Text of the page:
Microsoft is to cut up to 18,000 jobs, marking the deepest cuts in the technology firm's 39-year history.
The bulk of the cuts, around 12,500, will be in its phone unit, Nokia, which Microsoft bought in April, the BBC reports.
Microsoft pledged to cut $US600 million per year in costs within 18 months of buying Nokia.
But the cuts are much more severe than the 6,000 initially expected from the firm which employs 127,000 globally.
Microsoft chief executive, Satya Nadella, who took over in February, wants the firm to shift its focus from software to online services, apps and devices.
"Making these decisions to change are difficult, but necessary," Mr Nadella wrote in the announcement to staff.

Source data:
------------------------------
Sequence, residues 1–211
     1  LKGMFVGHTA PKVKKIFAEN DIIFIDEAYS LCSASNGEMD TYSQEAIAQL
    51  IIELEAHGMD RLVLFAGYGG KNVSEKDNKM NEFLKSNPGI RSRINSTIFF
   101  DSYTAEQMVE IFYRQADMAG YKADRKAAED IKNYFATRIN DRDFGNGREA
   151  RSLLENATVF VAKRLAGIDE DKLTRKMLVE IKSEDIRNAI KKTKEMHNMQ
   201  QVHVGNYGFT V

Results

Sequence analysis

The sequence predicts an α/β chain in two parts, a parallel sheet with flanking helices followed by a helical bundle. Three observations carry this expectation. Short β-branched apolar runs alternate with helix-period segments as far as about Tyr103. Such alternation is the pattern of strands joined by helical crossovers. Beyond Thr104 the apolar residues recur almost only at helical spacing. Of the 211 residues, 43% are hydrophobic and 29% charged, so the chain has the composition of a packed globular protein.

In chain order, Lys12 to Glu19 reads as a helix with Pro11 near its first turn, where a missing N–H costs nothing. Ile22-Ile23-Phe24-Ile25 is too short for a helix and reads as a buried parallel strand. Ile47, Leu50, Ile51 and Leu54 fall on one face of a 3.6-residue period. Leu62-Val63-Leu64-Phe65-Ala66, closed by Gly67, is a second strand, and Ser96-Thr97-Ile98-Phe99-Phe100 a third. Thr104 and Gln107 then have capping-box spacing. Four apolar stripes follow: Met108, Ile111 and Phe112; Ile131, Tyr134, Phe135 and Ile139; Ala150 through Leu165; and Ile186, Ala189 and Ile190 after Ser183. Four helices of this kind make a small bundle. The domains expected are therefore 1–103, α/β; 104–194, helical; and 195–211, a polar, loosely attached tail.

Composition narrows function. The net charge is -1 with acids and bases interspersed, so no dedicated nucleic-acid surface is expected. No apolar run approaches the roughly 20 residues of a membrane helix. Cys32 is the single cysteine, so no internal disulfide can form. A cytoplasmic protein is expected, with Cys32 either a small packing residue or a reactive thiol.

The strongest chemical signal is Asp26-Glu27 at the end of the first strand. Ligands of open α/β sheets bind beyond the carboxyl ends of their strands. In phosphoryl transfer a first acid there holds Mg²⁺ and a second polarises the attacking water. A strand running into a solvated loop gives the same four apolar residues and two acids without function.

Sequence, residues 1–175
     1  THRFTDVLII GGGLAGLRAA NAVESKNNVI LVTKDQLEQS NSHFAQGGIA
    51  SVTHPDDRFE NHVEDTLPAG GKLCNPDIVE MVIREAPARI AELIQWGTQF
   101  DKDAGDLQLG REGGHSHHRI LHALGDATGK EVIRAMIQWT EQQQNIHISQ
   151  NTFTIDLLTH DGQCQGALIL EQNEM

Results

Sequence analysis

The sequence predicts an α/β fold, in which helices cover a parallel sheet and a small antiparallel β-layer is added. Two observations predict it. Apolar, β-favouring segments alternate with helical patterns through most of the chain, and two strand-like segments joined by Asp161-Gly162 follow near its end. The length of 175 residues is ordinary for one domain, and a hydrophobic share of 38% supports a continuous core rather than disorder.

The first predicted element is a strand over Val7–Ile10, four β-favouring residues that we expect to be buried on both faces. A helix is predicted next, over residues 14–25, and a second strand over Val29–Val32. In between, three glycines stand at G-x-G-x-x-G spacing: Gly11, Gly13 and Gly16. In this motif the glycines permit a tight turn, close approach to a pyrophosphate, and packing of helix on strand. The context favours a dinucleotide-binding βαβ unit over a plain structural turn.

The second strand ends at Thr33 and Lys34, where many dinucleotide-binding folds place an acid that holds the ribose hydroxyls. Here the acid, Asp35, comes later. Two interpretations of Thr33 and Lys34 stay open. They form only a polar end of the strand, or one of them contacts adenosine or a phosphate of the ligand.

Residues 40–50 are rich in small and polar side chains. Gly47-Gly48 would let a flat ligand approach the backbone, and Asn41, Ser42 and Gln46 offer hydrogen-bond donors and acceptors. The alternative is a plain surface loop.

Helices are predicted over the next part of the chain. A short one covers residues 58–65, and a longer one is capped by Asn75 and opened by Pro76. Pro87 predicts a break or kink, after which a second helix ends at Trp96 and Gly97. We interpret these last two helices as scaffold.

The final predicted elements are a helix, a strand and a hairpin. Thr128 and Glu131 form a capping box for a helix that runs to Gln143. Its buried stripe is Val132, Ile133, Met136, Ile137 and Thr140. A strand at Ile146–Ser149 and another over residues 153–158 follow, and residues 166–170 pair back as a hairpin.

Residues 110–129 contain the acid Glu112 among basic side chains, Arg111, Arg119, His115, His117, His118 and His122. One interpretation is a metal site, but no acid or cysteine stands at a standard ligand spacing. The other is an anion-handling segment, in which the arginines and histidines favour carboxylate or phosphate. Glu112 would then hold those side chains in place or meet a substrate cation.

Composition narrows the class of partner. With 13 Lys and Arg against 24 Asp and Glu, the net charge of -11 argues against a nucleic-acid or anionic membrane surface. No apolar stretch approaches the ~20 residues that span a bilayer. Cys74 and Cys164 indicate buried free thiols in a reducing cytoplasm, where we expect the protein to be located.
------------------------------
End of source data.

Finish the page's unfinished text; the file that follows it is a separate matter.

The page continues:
The firm said it also planned to have fewer layers of management "to accelerate the flow of information and decision making."
Microsoft said staff affected by the job cuts would be notified over the next six months, and they would be "fully completed" by the the end of June next year.
In total it said the cuts, including severance pay, would cost it between $US1.1 billion to $US1.6 billion over the next year.